Epho installs 100 solar systems in 100 days as Aldi Australia commits to 100% renewables


That Aldi Australia is a supermarket with a keen eye for the future was demonstrated many moons ago when it cast me in one of its Christmas commercials, but now Aldi has put the fact beyond all doubt by committing to 100% renewable electricity for its Australian operations by the end of 2021. To achieve this ambitious goal, Aldi has partnered with Epho Commercial Solar (Epho) for one of the biggest solar rollouts in recent memory – 175 stores and six distribution centres, and signed two PPAs with large-scale wind farms. 

By the end of 2020, Aldi Australia, the 64th largest user of electricity in the country, will be generating 15% of its total energy from rooftop solar installed across over 250 of its Australian stores and six distribution centres. The portfolio boasts 102,000 panels, many of which have been installed by Epho at 100 stores in 100 business days. This partnership will see Aldi become the first supermarket in Australia to commit to 100% renewable electricity by the end of 2021. A commitment Aldi believes demonstrates clear evidence that Australia’s biggest electricity users should factor renewable energy into long term planning. 

Aldi Australia CEO Tom Daunt said that the “growth of the renewable energy market will deliver a brighter future for Australia,” and noted that significant investment from the big players would make renewable energy “more accessible and more affordable for all Australians, in addition to the jobs and economic opportunities it will create. Despite short-term costs,” continued Daunt, “we believe that continued corporate investment in renewables will net cost reductions for us and others in the years to come.” 

Aldi, said Daunt, is the first to admit it still has a long way to go, many trucks on the road, and an extensive supply chain reliant on fossil fuels. But “we will continue to work within our business and closely with our business partners to reduce emissions and preference renewable sources of energy.”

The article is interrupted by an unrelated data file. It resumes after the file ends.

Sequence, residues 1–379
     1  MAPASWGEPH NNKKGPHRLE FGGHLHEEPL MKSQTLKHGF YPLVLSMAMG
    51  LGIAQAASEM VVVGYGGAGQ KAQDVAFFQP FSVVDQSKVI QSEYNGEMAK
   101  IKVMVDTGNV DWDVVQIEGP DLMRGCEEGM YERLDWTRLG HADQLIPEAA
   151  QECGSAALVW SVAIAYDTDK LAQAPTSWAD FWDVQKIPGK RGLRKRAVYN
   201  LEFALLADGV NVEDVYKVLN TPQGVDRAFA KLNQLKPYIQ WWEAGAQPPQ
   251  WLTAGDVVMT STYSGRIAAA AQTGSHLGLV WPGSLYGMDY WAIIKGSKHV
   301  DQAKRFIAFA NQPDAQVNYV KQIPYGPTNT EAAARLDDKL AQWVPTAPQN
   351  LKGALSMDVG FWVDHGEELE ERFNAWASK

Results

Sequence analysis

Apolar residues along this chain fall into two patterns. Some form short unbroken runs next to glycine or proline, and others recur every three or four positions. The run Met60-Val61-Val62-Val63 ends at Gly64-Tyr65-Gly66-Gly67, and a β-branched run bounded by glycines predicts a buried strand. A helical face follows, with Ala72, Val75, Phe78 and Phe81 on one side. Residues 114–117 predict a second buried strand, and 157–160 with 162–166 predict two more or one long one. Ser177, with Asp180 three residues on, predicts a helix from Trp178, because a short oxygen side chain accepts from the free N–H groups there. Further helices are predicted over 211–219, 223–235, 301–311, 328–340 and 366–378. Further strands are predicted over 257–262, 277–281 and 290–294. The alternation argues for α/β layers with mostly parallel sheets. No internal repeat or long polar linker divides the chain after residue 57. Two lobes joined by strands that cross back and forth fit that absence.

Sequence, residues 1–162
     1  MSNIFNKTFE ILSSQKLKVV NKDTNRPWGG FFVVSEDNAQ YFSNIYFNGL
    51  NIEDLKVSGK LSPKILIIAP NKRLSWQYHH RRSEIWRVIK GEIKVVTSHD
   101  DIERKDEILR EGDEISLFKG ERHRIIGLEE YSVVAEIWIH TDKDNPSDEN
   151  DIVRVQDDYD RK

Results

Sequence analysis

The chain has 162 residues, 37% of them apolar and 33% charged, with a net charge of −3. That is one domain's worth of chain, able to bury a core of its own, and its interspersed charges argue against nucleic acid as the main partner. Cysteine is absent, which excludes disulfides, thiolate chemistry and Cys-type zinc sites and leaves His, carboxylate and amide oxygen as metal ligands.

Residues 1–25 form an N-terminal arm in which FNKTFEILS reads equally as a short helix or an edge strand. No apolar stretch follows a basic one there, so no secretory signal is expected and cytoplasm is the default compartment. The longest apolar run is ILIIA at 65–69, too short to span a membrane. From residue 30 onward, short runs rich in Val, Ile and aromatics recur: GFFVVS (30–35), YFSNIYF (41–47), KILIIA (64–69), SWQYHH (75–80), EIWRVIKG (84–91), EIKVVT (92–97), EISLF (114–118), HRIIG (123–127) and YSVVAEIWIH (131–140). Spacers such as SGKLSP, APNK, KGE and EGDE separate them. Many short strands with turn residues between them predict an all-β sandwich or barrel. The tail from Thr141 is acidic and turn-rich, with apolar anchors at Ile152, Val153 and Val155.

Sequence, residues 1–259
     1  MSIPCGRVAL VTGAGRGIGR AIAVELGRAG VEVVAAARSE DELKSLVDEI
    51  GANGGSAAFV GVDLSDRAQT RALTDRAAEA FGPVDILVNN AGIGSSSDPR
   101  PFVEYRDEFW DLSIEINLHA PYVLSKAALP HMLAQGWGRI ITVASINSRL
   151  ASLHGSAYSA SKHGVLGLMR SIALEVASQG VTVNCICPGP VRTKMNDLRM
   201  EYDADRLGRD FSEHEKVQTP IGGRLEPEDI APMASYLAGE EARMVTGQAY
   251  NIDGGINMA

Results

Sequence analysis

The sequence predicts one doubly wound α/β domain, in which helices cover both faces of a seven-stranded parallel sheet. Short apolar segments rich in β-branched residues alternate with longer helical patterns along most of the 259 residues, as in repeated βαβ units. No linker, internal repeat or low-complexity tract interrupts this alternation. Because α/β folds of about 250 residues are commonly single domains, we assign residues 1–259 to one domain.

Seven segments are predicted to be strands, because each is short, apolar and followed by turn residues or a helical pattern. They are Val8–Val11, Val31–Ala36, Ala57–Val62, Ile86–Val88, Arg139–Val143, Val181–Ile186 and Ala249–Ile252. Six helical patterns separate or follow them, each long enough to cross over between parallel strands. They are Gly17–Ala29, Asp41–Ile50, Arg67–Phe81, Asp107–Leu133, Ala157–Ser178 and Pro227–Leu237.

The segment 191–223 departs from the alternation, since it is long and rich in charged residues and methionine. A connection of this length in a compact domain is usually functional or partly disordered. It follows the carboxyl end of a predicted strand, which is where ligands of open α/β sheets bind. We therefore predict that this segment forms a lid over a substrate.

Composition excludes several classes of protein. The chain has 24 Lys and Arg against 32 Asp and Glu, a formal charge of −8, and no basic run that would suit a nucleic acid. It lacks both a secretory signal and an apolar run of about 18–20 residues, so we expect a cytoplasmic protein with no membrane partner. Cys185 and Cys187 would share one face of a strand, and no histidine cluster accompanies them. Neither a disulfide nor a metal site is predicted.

The Epho/Aldi panel partnership will reduce the supermarket’s carbon emissions by 41,000 tonnes annually, the equivalent of removing 11,700 cars from the road. 

Epho is no stranger to supermarket clients. In July 2020, Epho dramatically called in air support via the use of a helicopter to lift its solar systems onto 12 separate rooftops at Woolworths headquarters after restricted crane locations forced the installer to think outside the box. 

But of course, it takes a certain manner of confidence to call in a chopper, the kind of secure confidence provided by experience. Epho and Aldi partnered up way back in 2015, but only delivered one store installation in that year and one more the following year. Now Aldi has more on-site solar systems than any company in Australia, most of them 100 kW systems installed in a staggering 100 business day period by Epho, but also featuring larger urban solar power stations on distribution centres such as that at Regency Park, South Australia (650 kW), Brendale, Queensland (1 MW), Derrimut, Victoria (1.4 MW), and Dandenong, Victoria (1.5 MW). 

Epho’s managing director Oliver Hartley said that Epho’s now well refined and swift installation process, which could be likened to a well-oiled machine if oil weren’t made so redundant by solar, is the product of ‘lean thinking’ concepts “across all aspects of the processes from engineering, logistics, construction to operation. 

Epho’s head of operations Luke Butterworth said that in order to “meet Aldi’s stringent requirements and maintain its award-winning customer experience at all times, the actual installation needed to happen in a ‘ghost-like’ manner with absolutely minimal disturbance to the normal operation of the Aldi store.” 

This ‘ghost-like’ manner also meant that Epho could continue its installations during Covid-19, its refined process meaning the rollout could continue with safe adherence to health guidelines and keep 150 Epho employees and contractors across the country in work. “We even hired new employees during the pandemic,” boasts Hartley. 

By the end of 2020, the Aldi/Epho partnership will also be boasting, boasting 24 MW of on-site solar energy, an achievement few would have predicted back in 2015 when Epho installed Aldi Australia’s first on-site solar system at its store in Tweed Heads, NSW. 

Offsite generation

On top of its long-term commitment to solar generation on-site at its properties nationwide, Aldi Australia has also signed two 10-year PPAs with the Dundonnell Wind Farm in Victoria and the Collector Wind Farm in the New South Wales Southern Tablelands. Aldi will purchase 6% and 19.4% of clean energy generated by these wind farms, respectively. 

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